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D3.6: Study on ID Documents

Mergence of eID, Interoperability and Privacy  Title:
 Summary and Conclusions


eID Interoperability Analysis

In this section we aim to provide a high-level overview of the current status of international and European eID projects regarding interoperability. The research data of this chapter is primarily based on a working paper of the European Commission (CEN/ISSS 2004), a white paper of the Information Society Technologies (Ringwald 2003), a survey of a government advisory agency (Hayat et al. 2004), a global survey of legal systems of countries (University of Ottawa 2005), and complimented by extensive online research.


Technical Perspective

Trying to expand the scope of analysis, we identified an additional number of countries outside the European Union and based on data readily available concerning the implementation (or not) of an eID scheme along with the conditions underpinning that. A total of 67 countries (including the EU 25) were analysed with the purpose of getting a broader picture on eID implementation throughout several geographically dispersed countries (instead of solely focusing on one region). At this point, it should be noted that the level of information on eID projects in these surveys varied considerably from country to country. However, the information on the countries in these surveys quite often showed significant similarities in content, structure and length. In other words, it is anticipated that large amounts of information from previously published surveys was reproduced in later surveys with little additional research being carried out. 

Using a bottom-up approach, the following paragraph takes a closer look at the technical level of global eID projects. shows 46 investigated countries supporting various eID functionalities, as far as data was available for them. Two thirds of 42 countries (excluding the EU 25) have made the decision to introduce an eID, and an even higher percentage of countries (80%) are planning one but have not yet reached a formal decision. This for instance is the case in the United Kingdom. Several countries including Australia, New Zealand and the US, have made the decision not to introduce a national-wide eID in the near future.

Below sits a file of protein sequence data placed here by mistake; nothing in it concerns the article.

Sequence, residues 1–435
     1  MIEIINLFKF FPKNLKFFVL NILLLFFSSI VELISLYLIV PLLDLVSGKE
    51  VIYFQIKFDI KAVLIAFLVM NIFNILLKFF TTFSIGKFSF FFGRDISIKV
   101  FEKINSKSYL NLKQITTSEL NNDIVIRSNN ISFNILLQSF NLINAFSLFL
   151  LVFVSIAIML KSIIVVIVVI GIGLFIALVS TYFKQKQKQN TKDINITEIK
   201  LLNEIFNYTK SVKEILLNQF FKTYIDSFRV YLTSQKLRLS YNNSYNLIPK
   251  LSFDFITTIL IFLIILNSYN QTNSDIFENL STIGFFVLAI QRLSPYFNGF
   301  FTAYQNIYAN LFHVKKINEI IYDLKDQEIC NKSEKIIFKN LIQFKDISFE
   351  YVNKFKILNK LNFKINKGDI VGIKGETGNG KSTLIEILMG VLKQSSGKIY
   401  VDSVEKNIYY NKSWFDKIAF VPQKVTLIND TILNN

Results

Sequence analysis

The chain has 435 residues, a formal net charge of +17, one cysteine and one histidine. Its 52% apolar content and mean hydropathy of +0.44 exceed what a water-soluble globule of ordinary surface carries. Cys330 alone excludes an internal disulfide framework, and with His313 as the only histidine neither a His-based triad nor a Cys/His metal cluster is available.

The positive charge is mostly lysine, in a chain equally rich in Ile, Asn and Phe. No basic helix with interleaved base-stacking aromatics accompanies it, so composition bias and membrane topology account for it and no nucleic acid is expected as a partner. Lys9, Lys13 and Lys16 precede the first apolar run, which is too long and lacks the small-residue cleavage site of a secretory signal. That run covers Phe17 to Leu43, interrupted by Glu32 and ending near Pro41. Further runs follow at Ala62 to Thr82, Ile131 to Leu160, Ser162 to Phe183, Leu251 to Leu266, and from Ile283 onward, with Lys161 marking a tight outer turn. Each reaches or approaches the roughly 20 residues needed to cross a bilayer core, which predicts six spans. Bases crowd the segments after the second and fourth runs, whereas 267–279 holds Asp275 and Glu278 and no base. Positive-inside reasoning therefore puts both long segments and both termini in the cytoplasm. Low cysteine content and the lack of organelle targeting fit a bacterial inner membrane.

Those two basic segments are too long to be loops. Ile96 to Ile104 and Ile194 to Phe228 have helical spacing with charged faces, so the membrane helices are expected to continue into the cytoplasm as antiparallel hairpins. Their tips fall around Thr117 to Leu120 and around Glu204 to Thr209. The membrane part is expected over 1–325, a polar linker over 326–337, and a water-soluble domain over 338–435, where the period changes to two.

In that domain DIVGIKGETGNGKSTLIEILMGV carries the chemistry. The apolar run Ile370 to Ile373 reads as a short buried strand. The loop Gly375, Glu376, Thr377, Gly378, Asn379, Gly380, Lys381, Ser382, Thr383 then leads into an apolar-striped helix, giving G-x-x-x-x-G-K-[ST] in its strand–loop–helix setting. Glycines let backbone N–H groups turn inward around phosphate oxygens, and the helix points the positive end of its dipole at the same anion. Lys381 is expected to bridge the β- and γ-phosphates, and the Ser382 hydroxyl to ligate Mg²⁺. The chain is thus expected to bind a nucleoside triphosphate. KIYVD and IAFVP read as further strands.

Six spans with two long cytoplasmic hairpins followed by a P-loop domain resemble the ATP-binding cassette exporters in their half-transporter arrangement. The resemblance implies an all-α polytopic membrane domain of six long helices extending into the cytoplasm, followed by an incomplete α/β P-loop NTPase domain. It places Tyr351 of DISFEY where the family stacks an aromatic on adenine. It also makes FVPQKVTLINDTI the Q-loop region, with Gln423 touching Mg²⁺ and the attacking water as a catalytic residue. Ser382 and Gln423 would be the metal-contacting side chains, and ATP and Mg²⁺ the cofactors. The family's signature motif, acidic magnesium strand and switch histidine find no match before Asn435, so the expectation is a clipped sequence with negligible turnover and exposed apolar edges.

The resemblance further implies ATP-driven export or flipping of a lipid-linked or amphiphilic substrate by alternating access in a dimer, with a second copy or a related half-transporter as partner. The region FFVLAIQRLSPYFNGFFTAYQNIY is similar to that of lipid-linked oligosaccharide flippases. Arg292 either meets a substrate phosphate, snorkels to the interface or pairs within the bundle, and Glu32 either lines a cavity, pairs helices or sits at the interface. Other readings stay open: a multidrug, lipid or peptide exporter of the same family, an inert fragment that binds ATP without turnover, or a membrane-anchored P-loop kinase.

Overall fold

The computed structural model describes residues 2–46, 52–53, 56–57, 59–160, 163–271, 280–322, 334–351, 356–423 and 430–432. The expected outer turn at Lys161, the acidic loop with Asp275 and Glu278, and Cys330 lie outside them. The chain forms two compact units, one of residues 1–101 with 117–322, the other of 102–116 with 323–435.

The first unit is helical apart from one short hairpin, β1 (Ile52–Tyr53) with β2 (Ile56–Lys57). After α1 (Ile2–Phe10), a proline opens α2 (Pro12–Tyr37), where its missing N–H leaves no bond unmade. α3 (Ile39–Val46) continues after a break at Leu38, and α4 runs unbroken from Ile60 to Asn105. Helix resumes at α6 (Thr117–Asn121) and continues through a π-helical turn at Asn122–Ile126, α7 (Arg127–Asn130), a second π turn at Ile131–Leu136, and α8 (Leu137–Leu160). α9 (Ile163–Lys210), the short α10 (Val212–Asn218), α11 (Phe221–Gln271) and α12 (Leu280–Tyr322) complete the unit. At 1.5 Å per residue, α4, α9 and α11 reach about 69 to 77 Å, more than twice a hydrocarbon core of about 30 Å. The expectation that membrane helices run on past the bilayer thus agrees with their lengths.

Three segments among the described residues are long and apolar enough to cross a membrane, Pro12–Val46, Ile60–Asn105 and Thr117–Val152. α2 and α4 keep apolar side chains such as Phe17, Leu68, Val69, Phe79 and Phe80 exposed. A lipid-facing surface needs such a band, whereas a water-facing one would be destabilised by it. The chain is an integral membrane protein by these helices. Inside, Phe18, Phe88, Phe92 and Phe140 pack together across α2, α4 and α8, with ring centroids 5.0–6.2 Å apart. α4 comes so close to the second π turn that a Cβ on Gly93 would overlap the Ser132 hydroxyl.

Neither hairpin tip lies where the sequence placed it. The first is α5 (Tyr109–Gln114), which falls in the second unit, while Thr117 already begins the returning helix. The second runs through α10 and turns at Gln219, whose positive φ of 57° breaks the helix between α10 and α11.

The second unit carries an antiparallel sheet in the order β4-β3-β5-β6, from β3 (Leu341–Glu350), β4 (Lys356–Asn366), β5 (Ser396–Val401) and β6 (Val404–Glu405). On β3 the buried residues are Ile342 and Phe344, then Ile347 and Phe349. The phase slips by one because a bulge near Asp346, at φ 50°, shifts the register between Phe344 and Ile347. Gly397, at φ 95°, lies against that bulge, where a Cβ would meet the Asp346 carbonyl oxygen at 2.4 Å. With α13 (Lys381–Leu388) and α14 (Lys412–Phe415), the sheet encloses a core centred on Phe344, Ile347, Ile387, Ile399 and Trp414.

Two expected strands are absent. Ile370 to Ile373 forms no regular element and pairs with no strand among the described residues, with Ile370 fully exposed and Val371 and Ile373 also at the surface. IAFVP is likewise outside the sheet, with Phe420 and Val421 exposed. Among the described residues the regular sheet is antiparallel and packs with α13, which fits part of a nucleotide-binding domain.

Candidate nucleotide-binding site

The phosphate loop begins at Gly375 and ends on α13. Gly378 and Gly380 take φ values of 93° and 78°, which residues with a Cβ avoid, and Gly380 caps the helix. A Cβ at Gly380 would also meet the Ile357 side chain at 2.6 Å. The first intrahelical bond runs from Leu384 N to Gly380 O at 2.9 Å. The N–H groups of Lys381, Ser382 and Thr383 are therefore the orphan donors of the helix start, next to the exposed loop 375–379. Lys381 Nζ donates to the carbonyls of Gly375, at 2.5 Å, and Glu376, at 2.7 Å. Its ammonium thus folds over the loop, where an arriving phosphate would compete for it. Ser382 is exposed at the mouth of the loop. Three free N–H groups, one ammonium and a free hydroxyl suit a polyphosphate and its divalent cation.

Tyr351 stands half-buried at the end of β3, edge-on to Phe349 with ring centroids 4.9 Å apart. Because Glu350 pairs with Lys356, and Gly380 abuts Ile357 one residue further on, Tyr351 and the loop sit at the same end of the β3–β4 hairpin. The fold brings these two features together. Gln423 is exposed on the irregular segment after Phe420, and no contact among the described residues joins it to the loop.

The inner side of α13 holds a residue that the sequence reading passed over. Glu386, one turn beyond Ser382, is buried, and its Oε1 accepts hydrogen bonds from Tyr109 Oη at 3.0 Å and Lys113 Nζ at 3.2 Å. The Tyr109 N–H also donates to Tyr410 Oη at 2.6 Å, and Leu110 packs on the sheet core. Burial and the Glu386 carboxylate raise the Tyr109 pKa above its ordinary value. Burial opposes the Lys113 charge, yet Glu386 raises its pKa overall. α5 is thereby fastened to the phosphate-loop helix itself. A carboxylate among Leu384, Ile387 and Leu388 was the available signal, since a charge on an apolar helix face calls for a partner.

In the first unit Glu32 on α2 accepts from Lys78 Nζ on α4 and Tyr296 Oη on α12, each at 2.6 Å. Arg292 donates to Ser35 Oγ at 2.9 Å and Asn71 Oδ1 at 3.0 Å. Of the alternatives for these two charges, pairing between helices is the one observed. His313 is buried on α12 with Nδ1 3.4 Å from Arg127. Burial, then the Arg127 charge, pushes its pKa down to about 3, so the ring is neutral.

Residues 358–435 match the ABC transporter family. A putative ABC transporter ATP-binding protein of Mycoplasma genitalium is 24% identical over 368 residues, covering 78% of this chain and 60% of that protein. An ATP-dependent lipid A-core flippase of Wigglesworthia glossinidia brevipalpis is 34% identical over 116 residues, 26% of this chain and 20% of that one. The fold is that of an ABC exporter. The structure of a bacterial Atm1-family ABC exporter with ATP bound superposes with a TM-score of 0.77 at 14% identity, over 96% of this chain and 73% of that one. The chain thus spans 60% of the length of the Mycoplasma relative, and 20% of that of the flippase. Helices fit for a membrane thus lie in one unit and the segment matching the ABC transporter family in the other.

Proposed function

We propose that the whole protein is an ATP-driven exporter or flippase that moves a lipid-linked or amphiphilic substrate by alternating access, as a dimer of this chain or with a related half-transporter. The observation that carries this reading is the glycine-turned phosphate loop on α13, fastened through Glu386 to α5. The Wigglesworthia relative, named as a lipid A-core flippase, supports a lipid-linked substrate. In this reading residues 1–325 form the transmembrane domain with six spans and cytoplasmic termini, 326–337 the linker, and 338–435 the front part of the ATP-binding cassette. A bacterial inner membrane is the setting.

Figure : Number of Global Countries (EU 25 excluded) Supporting various eID Functionalities


For the latter discussion on the informal level of eID interoperability, it is assumed that the multifunctional eID solutions, identities which can be used in a great number of different domains, require an even more complex interconnection and are therefore of special interest to eID researcher. Multifunctional eIDs are not necessarily but almost certainly supported by Smart Card and Digital Certificate technology. Although, less than a third of the countries support or plan to support these features. In any case when Digital Certificates are used, the argument arises as to, who will be the Root CA. This is closely linked to liability, privacy and most importantly to power issues. Apart from Norway and Singapore, all countries surveyed operate with a government agency controlled Root CA. 

Advanced biometric solutions are usually linked with data and identity security. Technologies like digital finger prints, DNA codes, iris scans or facial recognitions are classified as advanced in comparison to technologies like photos, signatures or physical descriptions of individuals. Advanced technologies are primarily used for all types of fraud prevention. However, less than 50% of the countries which either have or plan to have eIDs are supporting some kind of advanced biometric technologies. 

In Europe, the current situation with regard to national eID interoperability appears different. While only a little more than half of the EU 25 countries have either already launched or are planning to issue a national eID, the projects seem to be quite ambitious in terms of interconnection complexity and use of advanced technology. Whereas 14 countries (56%) plan an eID solution, shows a greater number than 14 countries that are working on or are already supporting various forms of eID functionality. The reason is that some countries such as France and Italy have more than one national-wide eID project running.



Figure : Number of EU 25 Countries Supporting various eID Functionalities